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We're discussing everything from financial aid applications to student loan consolidations. Feel free to contact us with any question. Enjoy!
Going back to school shopping for yourself may not have been what you thought you’d be doing 20 years ago. But, with the ever changing job market there has been a drastic increase in adults returning to school to complete a wide variety of degrees. Some things have changed since the last time you attended class - one of the most notable changes being the ever-rising cost of tuition. However, one thing has remained constant, that financial aid is available to help make college affordable. In fact, there are more financial aid options available to you than your younger counterparts.… Read more here!
Categories: Financial Aid | Grants | Scholarships | Student Loans | Work Study | Financial Aid Applications | FAFSA | Go Financial Aid
Tags: adult student fafsa financial aid going back to school non-traditional student
Missing the FAFSA Deadline So you missed the FAFSA deadline. What now? First, deep breath. Second, keep reading. Affording college seems out of reach, but have no fear because there are more opportunities for you to get money for college. In order to make sure that you do not miss out on federal aid next year, make sure that you partner with Go Financial Aid and fill out the FAFSA on time and correctly. Scholarships There are a multitude of scholarships available for students to help afford college. There are scholarships based on your unique interests, field of study, minority… Read more here!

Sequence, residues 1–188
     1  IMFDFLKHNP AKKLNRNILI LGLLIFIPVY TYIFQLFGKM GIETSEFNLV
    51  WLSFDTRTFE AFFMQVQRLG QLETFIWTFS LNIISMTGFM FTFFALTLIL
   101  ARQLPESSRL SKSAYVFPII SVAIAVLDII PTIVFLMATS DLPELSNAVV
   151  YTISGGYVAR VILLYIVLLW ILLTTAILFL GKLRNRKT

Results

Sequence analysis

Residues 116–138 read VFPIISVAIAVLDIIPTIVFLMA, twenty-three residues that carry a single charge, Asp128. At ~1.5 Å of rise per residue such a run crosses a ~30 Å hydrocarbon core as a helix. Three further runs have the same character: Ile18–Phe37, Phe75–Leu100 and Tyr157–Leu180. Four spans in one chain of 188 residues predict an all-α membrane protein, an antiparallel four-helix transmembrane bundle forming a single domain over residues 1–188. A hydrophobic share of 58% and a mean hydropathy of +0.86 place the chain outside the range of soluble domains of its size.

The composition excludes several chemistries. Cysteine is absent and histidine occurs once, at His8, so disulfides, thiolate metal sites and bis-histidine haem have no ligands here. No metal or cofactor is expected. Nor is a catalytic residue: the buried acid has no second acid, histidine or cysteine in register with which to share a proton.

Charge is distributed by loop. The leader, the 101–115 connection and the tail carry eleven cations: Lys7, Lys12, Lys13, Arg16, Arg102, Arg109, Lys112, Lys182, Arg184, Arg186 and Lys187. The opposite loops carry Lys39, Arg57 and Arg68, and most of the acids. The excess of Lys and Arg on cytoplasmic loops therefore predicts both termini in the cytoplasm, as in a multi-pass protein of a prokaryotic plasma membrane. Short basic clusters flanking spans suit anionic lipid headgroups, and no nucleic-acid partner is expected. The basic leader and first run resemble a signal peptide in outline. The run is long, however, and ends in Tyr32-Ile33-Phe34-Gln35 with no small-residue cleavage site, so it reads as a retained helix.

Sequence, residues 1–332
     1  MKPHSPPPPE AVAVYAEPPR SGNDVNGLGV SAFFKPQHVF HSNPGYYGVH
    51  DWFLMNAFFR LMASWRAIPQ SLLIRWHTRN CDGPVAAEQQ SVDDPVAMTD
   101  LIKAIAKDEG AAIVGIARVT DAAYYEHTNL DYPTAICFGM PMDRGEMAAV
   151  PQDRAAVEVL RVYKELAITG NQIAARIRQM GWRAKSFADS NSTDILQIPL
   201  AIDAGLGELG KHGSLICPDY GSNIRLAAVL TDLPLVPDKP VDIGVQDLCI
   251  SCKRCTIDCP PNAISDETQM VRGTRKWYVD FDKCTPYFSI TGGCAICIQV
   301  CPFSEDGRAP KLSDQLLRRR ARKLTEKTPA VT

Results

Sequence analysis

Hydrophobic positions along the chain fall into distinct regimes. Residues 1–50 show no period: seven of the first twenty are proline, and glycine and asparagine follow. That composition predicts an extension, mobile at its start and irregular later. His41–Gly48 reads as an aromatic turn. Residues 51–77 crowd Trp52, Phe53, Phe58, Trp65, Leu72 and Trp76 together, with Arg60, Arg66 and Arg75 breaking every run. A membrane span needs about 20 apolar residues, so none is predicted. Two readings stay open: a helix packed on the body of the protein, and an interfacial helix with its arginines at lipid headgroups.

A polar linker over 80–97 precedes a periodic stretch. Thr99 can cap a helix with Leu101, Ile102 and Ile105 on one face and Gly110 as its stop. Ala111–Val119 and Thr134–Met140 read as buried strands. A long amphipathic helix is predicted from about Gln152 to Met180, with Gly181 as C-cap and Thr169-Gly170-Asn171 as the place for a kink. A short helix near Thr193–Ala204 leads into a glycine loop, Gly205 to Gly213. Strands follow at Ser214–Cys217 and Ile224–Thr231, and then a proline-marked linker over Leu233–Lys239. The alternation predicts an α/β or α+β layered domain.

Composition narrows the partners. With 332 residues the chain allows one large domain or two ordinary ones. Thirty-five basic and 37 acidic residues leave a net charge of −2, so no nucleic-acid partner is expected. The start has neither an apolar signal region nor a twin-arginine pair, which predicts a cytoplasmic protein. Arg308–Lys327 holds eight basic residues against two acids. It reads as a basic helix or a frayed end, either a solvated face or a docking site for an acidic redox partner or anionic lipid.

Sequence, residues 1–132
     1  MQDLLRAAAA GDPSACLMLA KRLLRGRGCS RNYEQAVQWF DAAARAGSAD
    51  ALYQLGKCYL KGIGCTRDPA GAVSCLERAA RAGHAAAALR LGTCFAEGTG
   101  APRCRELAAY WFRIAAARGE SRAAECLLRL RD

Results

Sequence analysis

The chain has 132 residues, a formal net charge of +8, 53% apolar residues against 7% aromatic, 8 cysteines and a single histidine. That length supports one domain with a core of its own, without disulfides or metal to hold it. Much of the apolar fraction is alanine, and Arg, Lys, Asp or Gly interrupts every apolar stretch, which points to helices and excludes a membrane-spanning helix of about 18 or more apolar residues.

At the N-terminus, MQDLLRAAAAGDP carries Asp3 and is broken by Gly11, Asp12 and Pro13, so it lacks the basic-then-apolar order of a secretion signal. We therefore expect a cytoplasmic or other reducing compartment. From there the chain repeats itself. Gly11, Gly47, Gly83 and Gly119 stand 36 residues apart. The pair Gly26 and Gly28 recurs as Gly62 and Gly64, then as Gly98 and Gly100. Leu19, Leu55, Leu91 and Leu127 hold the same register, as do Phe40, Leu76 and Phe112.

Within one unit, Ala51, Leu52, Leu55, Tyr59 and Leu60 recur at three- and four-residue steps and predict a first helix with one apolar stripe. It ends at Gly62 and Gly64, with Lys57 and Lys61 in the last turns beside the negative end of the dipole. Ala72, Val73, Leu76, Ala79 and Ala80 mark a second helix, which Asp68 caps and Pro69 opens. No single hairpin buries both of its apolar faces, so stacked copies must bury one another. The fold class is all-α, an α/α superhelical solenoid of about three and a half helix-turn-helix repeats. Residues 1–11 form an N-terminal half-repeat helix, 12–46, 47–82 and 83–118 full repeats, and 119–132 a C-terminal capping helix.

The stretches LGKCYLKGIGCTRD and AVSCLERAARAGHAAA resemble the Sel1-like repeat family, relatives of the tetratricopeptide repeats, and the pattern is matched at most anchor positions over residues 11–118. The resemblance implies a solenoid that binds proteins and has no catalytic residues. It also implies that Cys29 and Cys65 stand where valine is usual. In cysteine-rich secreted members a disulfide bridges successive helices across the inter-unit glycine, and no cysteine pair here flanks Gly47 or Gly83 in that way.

Federal student aid is generally allocated to those with a financial need or in a special circumstance, but students going to school for teaching can be an exception to that rule. This grant, funded by the U.S. Department of Education, rewards recipients with $4,000 a year for four years, saving you from $16,000 of school loans. You may be thinking, “Free money, that is not based on financial need…is there a catch?” Yes—Post graduation, you must serve a four-year term as a full-time teacher in a primary, middle, or secondary school in a high-need field and in a low-income community.… Read more here!
You may be thinking: “I’m not 18, so I can’t even start building my credit” or “I’ll just worry about my credit when I’m ready to take out a loan for a car or a house.” There are many misconceptions with how credit scores work, and I advise everyone to get their credit started and straightened out while they are still young. What is a credit score and who checks it? A credit score is a numerical value given to an individual, which represents their likelihood of paying back debts. Lenders do credit checks to decide whether or not to… Read more here!
Cost is a factor for most people in deciding where to go to school, but with your financial aid package, you could end up paying far below sticker price. The equation used to calculate financial need is: COA-EFC=Financial Need. COA (cost of attendance) is the summation of all expected yearly expenses of attending of attending a particular college or university. COA includes tuition, room, board, books/supplies, transportation and other personal expenses. EFC (expected family contribution) is the amount your family is expected to contribute toward your education based off of your family’s financial strength, and it is calculated by filling… Read more here!